A recent report (Rafferty, 1996) evaluated some of the cost associated with geothermal distribution piping in the context of the applications in which it is often applied in the western U.S. The work involved characterizing the various components of the cost of installing distribution piping in developed areas and the potential for reducing these costs in an effort to serve single-family homes with geothermal district heating.
Both metallic and nonmetallic piping can be considered for geothermal applications. Carbon steel is the most widely used metallic pipe and has an acceptable service life if properly applied. Ductile iron has seen limited application. Asbestos cement (AC) material has been the most widely applied product; however, environmental concerns have limited its use and availability. A discussion of piping material currently in use in U.S. district heating systems appears in Rafferty (1989).
The attractiveness of metallic piping is primarily related to its ability to handle high temperature fluids. In addition, its properties and installation requirements are familiar to most installation crews. The advantage of non-metallic materials is that they are virtually impervious to most chemicals found in geothermal fluids. However, the installation procedures, particularly for fiberglass and polyethylene are, in many cases, outside the experience of typical laborers and local code officials. This is particularly true in rural areas. The following sections review some specifics of each material and cover some problems encountered in existing geothermal systems.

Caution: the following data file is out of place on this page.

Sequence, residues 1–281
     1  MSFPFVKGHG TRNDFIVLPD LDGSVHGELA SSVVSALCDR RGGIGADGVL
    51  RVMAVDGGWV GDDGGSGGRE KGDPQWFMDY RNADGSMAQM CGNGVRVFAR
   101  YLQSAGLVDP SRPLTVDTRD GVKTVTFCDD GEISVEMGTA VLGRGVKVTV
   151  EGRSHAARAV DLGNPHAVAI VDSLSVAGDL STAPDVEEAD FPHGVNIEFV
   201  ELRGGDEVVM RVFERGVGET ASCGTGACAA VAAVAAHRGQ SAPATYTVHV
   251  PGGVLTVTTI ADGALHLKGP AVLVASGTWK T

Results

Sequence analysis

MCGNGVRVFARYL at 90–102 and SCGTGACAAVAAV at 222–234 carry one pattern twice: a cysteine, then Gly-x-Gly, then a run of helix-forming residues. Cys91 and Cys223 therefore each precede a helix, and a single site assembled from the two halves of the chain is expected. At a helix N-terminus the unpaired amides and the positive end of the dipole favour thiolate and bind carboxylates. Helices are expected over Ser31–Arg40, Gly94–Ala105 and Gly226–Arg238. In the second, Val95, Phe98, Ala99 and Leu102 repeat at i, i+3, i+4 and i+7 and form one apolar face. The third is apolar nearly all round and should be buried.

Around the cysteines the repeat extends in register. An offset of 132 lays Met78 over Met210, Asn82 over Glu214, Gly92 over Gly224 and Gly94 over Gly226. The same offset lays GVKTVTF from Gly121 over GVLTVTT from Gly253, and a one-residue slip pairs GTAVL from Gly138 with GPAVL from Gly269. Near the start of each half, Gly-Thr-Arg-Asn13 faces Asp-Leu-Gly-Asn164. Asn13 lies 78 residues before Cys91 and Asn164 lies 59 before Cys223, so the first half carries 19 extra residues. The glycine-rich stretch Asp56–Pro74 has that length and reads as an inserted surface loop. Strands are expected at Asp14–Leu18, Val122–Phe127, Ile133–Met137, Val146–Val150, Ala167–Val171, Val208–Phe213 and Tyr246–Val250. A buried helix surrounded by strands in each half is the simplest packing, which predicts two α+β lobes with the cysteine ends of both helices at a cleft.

Available in almost all areas, steel pipe is manufactured in sizes ranging from 1/4 to over 72 in. Steel is the material most familiar to pipe fitters and installation crews. The joining method for small sizes (<2-1/2 in.) is usually threading, with welding used for sizes above this level. For underground installations, all joints are typically welded when unlined piping is used. For epoxy-lined piping, some form of mechanical joint should be employed so that welding does not interfere with the integrity of the lining material. Commonly used steel pipe ratings are Schedule 40 (standard) and Schedule 80 (extra strong). In most cases, in the U.S., Schedule 40 piping is used for heating applications, although, in Europe and for some newer non-geothermal district systems in the U.S., lighter weights (approximately Schedule 20) are now used. Schedule 80 is employed for high pressure applications or in cases where higher than normal corrosion rates are expected.